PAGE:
Melky Cabrera, hitting a major league-leading .364 for the Giants, sat out the entire three-game series against the Rangers at San Francisco this past weekend after pulling a hamstring at San Diego on Thursday. How did the Giants do in his absence? They were shut out twice in three games, the first two times this year they've been blanked.

Wounded of the Week
There was plenty of room to spare on the Ouch Couch as players hitting the disabled list were far and few between this past week. Among the unlucky ones were Texas starting pitcher Derek Holland (shoulder fatigue brought on by flu-like symptoms), Detroit catcher Alex Avila (hamstring), yet another Philadelphia Phillie (Freddy Galvis, trying to keep second base warm until Chase Utley returns from his injury), and wild Washington closer Henry Rodriguez (finger).

We’re also happy to report that good health has returned to former Dodger manager Tommy Lasorda, who suffered a mild heart attack but was released from the hospital after a very short stay there. “The doctors confirmed I do bleed Dodger Blue,” the 84-year-old Lasorda said in a statement.

The Comebacker’s Greatest Hits
Click here to look at the TGG Comebacker archive going back to the start of the 2007 season.

A Day-by-Day Review of the Week
Monday, June 4
Leading 2-1 in the fifth inning at San Francisco, the Chicago Cubs appear ready to escape a bases-loaded jam as the Giants’ Brandon Crawford hits a double-play grounder with one out—but shortstop Starlin Castro, after making the putout at second, does not attempt a throw to first thinking that he’s made the final out. A run scores to tie the game, and the Giants later add a go-ahead tally to defeat the Cubs, 3-2, and sweep a four-game series from last-place Chicago.

The offensively-challenged A’s erupt for eight second-inning runs off Texas starter Scott Feldman, and rookie Jarrod Parker takes a no-hitter into the eighth inning as Oakland goes on to romp the Rangers, 12-1. Parker has now thrown 19 straight scoreless innings.

The Colorado Rockies become the last team in the majors to win by shutout this year as they blank the Diamondbacks at Arizona, 4-0. Rookie Christian Friedrich goes seven innings for the Rockies and improves his season record to 4-1.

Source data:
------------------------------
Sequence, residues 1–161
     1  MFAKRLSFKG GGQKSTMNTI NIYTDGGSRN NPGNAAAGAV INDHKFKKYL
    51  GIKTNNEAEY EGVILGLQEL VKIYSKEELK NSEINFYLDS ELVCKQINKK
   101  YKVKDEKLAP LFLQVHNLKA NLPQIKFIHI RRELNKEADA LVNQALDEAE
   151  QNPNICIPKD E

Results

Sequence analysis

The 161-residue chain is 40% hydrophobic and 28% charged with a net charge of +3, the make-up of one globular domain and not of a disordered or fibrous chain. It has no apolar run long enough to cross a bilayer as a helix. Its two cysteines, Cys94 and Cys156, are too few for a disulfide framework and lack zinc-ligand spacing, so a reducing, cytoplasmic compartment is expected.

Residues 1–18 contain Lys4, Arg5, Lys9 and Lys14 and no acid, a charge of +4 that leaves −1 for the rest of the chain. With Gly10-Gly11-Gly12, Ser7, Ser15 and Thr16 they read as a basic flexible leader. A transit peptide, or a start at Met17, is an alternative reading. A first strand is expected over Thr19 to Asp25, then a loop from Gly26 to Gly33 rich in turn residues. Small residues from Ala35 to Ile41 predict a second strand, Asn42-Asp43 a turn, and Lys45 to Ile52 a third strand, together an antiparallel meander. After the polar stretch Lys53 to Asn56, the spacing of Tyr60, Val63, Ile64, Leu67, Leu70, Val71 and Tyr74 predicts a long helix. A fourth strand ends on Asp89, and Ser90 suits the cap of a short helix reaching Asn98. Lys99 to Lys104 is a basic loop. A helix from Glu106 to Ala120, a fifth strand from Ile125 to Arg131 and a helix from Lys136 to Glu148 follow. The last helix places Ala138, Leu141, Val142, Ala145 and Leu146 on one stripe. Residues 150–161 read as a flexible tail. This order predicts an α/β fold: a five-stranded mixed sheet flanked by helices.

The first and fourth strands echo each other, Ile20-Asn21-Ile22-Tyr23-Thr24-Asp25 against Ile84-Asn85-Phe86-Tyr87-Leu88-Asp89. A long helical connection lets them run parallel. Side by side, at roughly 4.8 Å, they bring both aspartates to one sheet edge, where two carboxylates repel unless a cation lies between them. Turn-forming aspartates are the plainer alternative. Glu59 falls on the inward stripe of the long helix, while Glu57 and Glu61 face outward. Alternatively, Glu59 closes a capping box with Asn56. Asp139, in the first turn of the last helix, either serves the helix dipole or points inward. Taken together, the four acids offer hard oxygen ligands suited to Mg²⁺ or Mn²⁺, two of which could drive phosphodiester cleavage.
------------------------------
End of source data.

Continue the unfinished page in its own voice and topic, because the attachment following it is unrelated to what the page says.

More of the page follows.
Tuesday, June 5
Satisfaction finally comes to Cub starter Ryan Dempster, the beneficiary of a 10-0 rout of the Brewers at Milwaukee that is his first win in has last 19 starts. Dempster tosses seven shutout innings (lowering his ERA to 2.59) while his teammates blast three home runs after giving him only 26 runs of support in his previous nine starts in 2012.

Dempster’s win officially leaves Philadelphia’s Cliff Lee as the majors’ current hard-luck guy on the mound. Lee loses a 1-0 lead in the eighth inning when he allows a two-run double to the Dodgers’ Elian Herrera, and Los Angeles holds on for a 2-1 win at Citizens Bank Park. Despite 12 strikeouts on the night and a respectable 2.92 ERA for the season, Lee drops to 0-3 in nine starts.

In an exciting back-and-forth affair, the Washington Nationals edge the New York Mets in 12 innings, 7-6, on a walk-off Bryce Harper single, after the Mets had taken a 6-5 lead in the top of the inning. If Harper’s the hero, Ian Desmond gets strong honorable mention; he brings in the go-ahead run three times from the eighth inning on, the first player to do that since Art Shamsky did it with three home runs for Cincinnati in 1966.

Wednesday, June 6
The Rangers, continuing their West Coast funk, are shut out for the first time all year as Oakland starter Bartolo Colon fires eight innings of five-hit ball for a 2-0 win.

Thursday, June 7
Cincinnati reliever Aroldis Chapman, brought on to preserve a 4-4 tie in the tenth inning against Pittsburgh, gives up his first earned run of the year on back-to-back doubles by Clint Barmes and Mike McKenry—both batting under .200—to give the Bucs a 5-4 win over the Reds at Great American Ballpark.  Chapman had entered the game having allowed one unearned run on just seven hits and nine walks in 29 innings.

R.A. Dickey’s knuckleball continues to baffle opponents, as he runs his string of consecutive scoreless innings thrown to 24.2 with a 3-1 win at Washington, his major league-leading ninth victory of the year. Closer Frank Francisco gives up the lone National run in the ninth inning.

Lance Lynn matches Dickey with his ninth win of the year as the St. Louis Cardinals sail at Houston, 14-2. David Freese leads the offensive charge with hits two homers (one a grand slam) and six RBIs, continuing to show that his postseason splurge of last year was no fluke; he’s currently on pace to hit 34 homers and knock in 112 runs.